Archer group publishes on stabilizing electrochemical interfaces in Nature Energy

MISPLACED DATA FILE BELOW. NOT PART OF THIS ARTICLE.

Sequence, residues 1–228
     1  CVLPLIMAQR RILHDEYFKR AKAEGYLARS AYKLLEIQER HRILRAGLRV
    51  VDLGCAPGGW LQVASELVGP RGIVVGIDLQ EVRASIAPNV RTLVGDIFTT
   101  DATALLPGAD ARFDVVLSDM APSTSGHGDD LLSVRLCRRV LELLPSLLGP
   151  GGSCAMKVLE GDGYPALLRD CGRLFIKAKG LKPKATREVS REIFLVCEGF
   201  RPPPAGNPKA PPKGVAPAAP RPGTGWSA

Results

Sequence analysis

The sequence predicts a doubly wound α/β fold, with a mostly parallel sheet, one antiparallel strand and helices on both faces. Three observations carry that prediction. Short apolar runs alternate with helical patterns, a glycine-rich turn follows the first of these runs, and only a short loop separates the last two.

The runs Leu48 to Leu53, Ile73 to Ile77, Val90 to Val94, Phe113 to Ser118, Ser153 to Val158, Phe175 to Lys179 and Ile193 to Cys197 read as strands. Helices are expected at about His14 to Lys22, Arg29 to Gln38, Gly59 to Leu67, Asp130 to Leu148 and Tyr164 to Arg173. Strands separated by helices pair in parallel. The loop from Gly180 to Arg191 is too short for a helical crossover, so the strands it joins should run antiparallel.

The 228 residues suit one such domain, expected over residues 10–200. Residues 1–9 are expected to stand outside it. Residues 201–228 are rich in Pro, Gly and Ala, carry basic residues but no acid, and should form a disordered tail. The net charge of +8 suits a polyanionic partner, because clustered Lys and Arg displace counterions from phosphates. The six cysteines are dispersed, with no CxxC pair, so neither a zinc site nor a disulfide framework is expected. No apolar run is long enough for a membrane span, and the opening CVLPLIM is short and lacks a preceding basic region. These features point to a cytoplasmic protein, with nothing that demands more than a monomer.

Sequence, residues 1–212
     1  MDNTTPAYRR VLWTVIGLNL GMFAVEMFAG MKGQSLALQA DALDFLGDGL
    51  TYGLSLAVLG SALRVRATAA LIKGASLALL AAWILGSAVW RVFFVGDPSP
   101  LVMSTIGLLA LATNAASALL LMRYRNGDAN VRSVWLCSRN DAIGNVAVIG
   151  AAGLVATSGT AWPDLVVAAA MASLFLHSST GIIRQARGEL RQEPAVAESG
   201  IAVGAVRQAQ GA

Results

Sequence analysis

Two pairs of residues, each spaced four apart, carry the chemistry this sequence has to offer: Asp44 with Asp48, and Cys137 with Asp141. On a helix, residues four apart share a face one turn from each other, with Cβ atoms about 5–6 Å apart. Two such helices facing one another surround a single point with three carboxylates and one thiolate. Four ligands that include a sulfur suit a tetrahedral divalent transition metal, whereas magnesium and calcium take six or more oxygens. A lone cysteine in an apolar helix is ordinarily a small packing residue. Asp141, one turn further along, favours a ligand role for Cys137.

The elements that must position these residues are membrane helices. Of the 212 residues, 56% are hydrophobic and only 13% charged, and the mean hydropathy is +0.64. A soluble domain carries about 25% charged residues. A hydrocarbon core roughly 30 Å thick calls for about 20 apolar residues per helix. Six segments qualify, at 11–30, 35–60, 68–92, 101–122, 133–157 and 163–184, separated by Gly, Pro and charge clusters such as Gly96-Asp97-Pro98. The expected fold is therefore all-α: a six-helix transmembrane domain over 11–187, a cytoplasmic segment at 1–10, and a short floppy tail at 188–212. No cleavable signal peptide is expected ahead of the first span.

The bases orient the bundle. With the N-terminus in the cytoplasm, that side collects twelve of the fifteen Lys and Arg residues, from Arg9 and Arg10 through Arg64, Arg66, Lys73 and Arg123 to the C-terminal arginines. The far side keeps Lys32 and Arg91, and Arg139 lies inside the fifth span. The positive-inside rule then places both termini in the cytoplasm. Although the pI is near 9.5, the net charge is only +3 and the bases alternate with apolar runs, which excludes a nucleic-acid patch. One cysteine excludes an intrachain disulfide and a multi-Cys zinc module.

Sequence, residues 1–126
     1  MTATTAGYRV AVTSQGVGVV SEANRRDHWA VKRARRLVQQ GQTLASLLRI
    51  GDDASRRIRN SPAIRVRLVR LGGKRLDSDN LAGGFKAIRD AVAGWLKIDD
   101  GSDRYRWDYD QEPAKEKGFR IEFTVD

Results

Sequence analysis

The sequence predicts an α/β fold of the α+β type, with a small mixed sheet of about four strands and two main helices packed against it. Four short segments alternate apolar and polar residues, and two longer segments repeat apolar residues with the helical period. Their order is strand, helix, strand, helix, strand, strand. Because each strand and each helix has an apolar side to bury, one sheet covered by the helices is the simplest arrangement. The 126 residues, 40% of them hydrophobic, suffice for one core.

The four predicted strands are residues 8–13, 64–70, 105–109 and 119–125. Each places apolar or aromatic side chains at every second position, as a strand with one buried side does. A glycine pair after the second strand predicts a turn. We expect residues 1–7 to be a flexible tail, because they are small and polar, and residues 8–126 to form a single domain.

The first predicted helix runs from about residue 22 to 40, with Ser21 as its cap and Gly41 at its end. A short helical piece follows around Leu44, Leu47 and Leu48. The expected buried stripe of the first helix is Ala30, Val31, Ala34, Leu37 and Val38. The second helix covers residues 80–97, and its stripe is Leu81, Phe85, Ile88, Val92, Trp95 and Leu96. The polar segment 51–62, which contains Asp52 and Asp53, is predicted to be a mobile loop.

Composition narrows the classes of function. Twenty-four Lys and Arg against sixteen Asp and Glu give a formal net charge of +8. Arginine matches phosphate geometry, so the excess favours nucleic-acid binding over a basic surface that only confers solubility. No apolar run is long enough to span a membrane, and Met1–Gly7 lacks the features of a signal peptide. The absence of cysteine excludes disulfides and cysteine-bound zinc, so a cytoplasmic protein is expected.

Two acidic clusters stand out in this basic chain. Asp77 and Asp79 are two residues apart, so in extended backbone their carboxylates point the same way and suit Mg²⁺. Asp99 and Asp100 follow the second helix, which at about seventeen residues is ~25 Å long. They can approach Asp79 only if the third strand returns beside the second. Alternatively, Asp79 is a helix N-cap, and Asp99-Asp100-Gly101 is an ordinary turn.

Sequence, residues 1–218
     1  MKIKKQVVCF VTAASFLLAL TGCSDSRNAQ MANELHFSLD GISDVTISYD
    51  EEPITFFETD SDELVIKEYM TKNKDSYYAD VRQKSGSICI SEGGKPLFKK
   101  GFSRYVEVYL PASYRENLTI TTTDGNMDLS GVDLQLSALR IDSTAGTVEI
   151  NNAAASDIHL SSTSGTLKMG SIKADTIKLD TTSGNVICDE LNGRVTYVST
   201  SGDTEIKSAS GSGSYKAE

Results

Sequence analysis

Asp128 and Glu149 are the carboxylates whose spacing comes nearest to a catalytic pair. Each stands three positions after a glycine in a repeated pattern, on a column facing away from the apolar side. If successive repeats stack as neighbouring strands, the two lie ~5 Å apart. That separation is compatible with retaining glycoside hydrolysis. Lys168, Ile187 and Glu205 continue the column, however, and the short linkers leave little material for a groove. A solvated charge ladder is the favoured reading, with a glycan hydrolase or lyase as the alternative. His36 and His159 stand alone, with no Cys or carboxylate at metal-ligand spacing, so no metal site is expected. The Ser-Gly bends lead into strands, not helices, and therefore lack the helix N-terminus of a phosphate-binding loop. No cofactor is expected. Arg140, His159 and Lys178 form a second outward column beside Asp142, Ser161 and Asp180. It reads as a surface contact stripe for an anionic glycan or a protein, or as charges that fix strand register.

The future of electrochemical energy storage in rechargeable batteries is thought to hinge on the advancement of science and technology that enable rechargeable batteries that utilize reactive metals, such as lithium, sodium, and aluminum as anodes. With specific capacity more than ten-times that of LiC6 used as the anode in today’s lithium-ion battery technology, the Li-metal anode has for instance been under intense scrutiny by research teams world-wide because it is understood to be critical for enabling several next-generation electrochemical storage technologies, including Li-Sulfur and Li-Air batteries, which offer competitive energy storage with fossil fuels. Multiple difficult challenges — parasitic reactions of the metal with liquid electrolytes, unstable/dendritic electro-deposition, and dendrite-induced short circuits derailed early efforts to commercialize such lithium-metal batteries (LMBs). Over extended cycles of charge and discharge, unstable deposition produce tree-like, diffusion-limited structures termed dendrites, which grow from the metal surface and ultimately bridge the inter-electrode space, short-circuiting the cell. In a typical volatile electrolyte, the ohmic heat generated by such shorts lead to thermal run-away events and poses significant risks for battery fire and explosion. These challenges are shared by battery technologies based on earth abundant metals such as sodium and aluminum. In their paper titled “Design principles for electrolytes and interfaces for stable lithium-metal batteries” (http://www.nature.com/articles/nenergy2016114) Archer and his students (Mukul Tikekar, Snehashis Choudhury and Zhengyuan Tu) report on the principles that underpin stability of electrodes based on lithium and other reactive metals. They also disclose a universal state diagram that practitioners in the field can use to design electrodes, electrolytes, and cell operating conditions to ensure stable battery operations.